Evelyn Boyd Granville was a black woman who pioneered NASA to get the first American on the moon with her mathematical skills. She died recently at the ripe old age of 99.
She was also the first of two Black women in the United States to get a PhD in mathematics. The Hollywood film Hidden Figures was largely based on her life.
She graduated from Smith College in Massachusetts and got her doctorate at Yale University in 1949. She then went on to do her postgraduate at the New York Institute for Mathematics and eventually took a teaching position at Fisk University.
She worked at IBM in 1956 and was part of the IBM team that NASA worked with in 1959.
The speciality of Dr Granville was the analysis and interplay of equations and variables which NASA used to get an edge in the space race with the Soviet Union at the time. Dr Granville was part of the company’s team that worked with NASA after founding it in 1958, one year after the USSR launched the Sputnik satellite.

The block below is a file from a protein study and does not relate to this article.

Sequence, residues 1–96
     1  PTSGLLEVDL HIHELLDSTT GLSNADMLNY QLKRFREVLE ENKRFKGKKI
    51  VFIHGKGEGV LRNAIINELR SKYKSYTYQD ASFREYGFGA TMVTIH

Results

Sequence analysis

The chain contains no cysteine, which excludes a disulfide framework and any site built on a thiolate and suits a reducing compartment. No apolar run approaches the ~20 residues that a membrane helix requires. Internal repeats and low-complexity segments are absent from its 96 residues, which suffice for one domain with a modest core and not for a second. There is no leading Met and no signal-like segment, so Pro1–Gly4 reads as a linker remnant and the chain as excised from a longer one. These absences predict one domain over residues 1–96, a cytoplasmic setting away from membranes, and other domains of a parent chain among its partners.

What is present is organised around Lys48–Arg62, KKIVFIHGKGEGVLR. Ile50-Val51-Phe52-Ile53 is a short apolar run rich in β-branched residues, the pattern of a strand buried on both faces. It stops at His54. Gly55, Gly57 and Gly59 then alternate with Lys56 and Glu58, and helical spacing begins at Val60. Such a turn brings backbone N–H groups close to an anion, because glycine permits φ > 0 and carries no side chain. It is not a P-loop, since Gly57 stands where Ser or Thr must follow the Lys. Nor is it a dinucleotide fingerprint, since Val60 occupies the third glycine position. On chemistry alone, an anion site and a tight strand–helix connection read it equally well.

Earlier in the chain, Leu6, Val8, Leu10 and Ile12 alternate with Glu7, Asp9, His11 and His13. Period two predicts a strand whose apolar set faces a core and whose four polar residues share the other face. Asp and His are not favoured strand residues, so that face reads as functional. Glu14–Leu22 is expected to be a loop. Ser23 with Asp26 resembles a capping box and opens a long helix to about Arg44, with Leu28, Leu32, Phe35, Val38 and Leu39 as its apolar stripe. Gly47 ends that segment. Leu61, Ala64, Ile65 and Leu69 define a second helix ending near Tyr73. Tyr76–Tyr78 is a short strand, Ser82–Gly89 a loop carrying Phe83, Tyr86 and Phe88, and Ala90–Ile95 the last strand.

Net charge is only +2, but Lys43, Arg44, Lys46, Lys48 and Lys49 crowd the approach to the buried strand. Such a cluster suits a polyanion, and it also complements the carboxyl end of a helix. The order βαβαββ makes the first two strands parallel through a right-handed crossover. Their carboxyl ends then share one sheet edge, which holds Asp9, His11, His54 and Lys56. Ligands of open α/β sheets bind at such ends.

At IBM, she was assigned to the satellite Project Vanguard. She told Scientific American magazine in 2014, “At the time, the satellite was the size of a grapefruit. We were writing programs for something up in the air the size of a grapefruit!”
After that, she was on Mercury’s astronaut program, which in February 1962 launched a rocket with John Glenn aboard as one of the first Americans to orbit Earth.
The brilliant Dr Granville wrote programs that tracked orbital trajectories, calculating the time to safely enter the atmosphere.
After her time with the space agency, she became a mathematics professor at California State University, where she taught students how to teach mathematics. She died peacefully at her home in Maryland on June 27.
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